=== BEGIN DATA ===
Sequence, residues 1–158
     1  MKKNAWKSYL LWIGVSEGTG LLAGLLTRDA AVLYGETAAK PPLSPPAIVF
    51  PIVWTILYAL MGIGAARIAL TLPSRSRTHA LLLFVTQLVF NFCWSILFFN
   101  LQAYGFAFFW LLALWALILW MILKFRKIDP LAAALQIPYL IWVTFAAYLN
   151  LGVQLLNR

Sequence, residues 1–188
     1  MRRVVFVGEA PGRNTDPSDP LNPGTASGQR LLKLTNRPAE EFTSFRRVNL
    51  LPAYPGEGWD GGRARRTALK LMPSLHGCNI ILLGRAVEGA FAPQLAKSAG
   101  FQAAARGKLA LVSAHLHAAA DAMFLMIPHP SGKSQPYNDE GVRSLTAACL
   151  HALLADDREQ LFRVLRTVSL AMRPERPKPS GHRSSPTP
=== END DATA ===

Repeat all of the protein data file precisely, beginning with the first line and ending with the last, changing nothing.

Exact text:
Sequence, residues 1–158
     1  MKKNAWKSYL LWIGVSEGTG LLAGLLTRDA AVLYGETAAK PPLSPPAIVF
    51  PIVWTILYAL MGIGAARIAL TLPSRSRTHA LLLFVTQLVF NFCWSILFFN
   101  LQAYGFAFFW LLALWALILW MILKFRKIDP LAAALQIPYL IWVTFAAYLN
   151  LGVQLLNR

Sequence, residues 1–188
     1  MRRVVFVGEA PGRNTDPSDP LNPGTASGQR LLKLTNRPAE EFTSFRRVNL
    51  LPAYPGEGWD GGRARRTALK LMPSLHGCNI ILLGRAVEGA FAPQLAKSAG
   101  FQAAARGKLA LVSAHLHAAA DAMFLMIPHP SGKSQPYNDE GVRSLTAACL
   151  HALLADDREQ LFRVLRTVSL AMRPERPKPS GHRSSPTP